Google Glass Adds Path, Evernote Voice Commands

Voice support for third-party apps makes Glass better for sharing.

Thomas Claburn, Editor at Large, Enterprise Mobility

August 13, 2013

3 Min Read

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Google has issued another update for Glass, one that enhances the wearable computing device with a broader command vocabulary, more Google Now Cards and a variety of other software improvements.

Update XE8 adds two new voice commands: "Post an update" and "Take a note." These commands have been enabled for use with third-party apps Path and Evernote, respectively. Glass developers can add support for the commands to their own apps, as documented on the Glass developer website. Google says developers will soon be able to use voice commands to trigger a variety of services.

Glass support for Google Now, the company's real-time personal assistant service, has been expanded with Cards that offer reminders about concerts, hotel bookings and dinner reservations. The device will also now present proximity-based Google Now Cards providing movie show times when the wearer is near a movie theater, or with Google public alerts when there's an emergency situation nearby.

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The video player controls on Glass have also been improved, allowing Glass wearers to toggle between play and pause with a tap on the frame, and to go forward or backward in the video by swiping along the frame.

Google has also added a way to check your Glass timeline while conducting a video call. Swiping down along the device frame during a video call loads the timeline and puts the video call in the background. This disables the camera, preventing your view from being shared. To rejoin the call, simply tap on the active video call card to the left of your Home screen.

Glass now has a dedicated volume setting card in the Settings bundle. When navigating via Glass, wearers have access to three new voice commands: "Show route overview," "Hide route overview" and "Stop directions."

When sharing a picture or video, Glass users can add a caption by saying, "Okay Glass, add a caption" at the Okay Glass prompt. If you use the word "hashtag" while speaking a caption, Glass will convert it into the proper symbol. This is in addition to the "#throughglass" hashtag that Glass appends automatically to shared content captions.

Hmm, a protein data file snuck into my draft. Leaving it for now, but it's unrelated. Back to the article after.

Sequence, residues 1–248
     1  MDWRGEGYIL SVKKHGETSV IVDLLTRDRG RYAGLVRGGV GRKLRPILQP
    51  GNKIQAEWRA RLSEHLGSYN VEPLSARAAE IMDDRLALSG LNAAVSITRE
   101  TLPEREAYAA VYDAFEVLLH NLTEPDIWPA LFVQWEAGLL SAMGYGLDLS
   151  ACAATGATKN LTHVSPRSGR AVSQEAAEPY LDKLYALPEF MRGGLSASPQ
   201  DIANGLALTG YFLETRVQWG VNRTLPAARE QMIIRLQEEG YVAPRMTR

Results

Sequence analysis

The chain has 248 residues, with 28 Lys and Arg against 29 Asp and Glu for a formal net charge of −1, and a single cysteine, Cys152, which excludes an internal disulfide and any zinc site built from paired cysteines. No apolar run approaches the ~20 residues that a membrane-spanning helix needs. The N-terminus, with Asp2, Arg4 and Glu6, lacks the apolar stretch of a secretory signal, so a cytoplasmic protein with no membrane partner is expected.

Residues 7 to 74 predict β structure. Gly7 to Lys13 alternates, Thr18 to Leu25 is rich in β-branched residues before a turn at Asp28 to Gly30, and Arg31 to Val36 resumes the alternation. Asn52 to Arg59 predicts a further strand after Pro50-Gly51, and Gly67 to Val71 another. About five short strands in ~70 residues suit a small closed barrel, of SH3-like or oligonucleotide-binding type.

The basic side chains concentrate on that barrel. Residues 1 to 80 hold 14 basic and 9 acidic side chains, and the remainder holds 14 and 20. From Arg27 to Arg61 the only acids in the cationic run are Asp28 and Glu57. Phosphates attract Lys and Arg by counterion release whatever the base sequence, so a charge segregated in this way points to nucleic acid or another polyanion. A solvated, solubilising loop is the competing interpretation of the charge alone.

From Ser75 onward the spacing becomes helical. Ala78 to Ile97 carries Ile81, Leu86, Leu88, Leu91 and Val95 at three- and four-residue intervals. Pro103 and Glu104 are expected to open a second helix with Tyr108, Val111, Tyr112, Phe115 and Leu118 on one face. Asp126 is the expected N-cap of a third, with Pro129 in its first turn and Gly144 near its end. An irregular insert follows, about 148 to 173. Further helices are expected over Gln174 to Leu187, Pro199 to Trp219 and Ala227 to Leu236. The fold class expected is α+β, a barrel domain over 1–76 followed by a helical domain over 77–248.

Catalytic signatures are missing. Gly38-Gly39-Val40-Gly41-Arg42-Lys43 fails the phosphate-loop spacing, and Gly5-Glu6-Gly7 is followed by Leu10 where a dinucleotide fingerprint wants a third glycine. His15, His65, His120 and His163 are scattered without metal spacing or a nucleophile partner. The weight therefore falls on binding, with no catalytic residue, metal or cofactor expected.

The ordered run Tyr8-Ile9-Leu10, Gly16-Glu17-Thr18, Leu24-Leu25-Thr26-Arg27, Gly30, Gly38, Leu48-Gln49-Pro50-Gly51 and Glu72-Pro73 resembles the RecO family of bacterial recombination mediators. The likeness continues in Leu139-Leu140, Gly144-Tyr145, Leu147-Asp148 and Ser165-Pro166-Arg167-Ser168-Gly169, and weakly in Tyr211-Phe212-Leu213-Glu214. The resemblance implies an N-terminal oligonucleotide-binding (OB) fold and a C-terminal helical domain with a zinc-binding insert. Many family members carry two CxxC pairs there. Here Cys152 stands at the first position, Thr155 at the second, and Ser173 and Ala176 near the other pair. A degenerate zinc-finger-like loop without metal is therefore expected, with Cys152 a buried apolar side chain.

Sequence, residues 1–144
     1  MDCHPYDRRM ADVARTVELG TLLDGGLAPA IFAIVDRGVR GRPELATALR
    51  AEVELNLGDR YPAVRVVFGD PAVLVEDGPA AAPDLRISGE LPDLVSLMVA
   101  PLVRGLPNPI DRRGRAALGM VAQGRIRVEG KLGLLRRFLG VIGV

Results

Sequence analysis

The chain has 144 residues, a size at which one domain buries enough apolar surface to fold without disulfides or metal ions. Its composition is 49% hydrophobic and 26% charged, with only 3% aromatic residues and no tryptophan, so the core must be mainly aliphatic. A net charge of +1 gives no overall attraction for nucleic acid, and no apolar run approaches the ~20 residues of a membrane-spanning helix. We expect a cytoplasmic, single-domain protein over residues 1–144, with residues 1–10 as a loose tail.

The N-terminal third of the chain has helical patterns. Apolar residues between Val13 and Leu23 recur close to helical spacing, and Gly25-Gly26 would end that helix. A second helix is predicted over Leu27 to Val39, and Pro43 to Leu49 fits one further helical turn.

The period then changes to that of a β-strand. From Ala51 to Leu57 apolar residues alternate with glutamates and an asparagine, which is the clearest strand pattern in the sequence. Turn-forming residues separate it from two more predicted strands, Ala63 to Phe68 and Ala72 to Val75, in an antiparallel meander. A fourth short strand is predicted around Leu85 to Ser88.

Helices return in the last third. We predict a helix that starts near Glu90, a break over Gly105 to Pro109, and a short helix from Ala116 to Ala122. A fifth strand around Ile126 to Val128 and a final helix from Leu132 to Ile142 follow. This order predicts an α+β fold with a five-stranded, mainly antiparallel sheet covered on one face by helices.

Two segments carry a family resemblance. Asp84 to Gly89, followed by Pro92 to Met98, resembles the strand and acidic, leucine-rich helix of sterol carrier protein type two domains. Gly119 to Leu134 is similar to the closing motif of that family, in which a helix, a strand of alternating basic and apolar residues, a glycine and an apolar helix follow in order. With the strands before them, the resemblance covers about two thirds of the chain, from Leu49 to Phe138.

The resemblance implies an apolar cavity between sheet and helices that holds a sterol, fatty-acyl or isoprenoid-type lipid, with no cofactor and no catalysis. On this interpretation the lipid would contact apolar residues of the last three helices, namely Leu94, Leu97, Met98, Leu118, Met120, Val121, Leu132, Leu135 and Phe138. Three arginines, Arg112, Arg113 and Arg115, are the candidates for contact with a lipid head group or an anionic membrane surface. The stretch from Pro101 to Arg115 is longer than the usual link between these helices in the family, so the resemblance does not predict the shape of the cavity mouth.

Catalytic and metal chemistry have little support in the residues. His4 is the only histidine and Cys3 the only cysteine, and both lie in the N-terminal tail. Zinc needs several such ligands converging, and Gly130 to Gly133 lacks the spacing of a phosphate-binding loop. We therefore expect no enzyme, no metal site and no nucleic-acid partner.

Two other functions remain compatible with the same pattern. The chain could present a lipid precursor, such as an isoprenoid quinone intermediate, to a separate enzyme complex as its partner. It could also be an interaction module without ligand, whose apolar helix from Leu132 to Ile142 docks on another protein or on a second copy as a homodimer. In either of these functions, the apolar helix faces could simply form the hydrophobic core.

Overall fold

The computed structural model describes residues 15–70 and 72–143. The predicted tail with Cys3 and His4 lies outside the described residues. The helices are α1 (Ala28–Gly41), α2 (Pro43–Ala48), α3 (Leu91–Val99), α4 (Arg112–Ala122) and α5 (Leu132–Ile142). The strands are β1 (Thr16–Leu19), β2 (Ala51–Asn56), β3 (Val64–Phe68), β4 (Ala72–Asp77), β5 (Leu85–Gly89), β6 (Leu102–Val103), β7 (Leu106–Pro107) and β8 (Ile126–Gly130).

If your friends aren't worth the effort of a birthday phone call, Glass is ready to help: "When calling to wish someone a happy birthday is too much, we've added the ability to send them a message instead," Google explains in the XE8 release notes. "Tap on a birthday reminder card and swipe forward to 'send a message.'"

Don't forget to add the hashtag "#idhaveignoredyourbirthdaybutforthisgoogleplusreminder."

About the Author(s)

Thomas Claburn

Editor at Large, Enterprise Mobility

Thomas Claburn has been writing about business and technology since 1996, for publications such as New Architect, PC Computing, InformationWeek, Salon, Wired, and Ziff Davis Smart Business. Before that, he worked in film and television, having earned a not particularly useful master's degree in film production. He wrote the original treatment for 3DO's Killing Time, a short story that appeared in On Spec, and the screenplay for an independent film called The Hanged Man, which he would later direct. He's the author of a science fiction novel, Reflecting Fires, and a sadly neglected blog, Lot 49. His iPhone game, Blocfall, is available through the iTunes App Store. His wife is a talented jazz singer; he does not sing, which is for the best.

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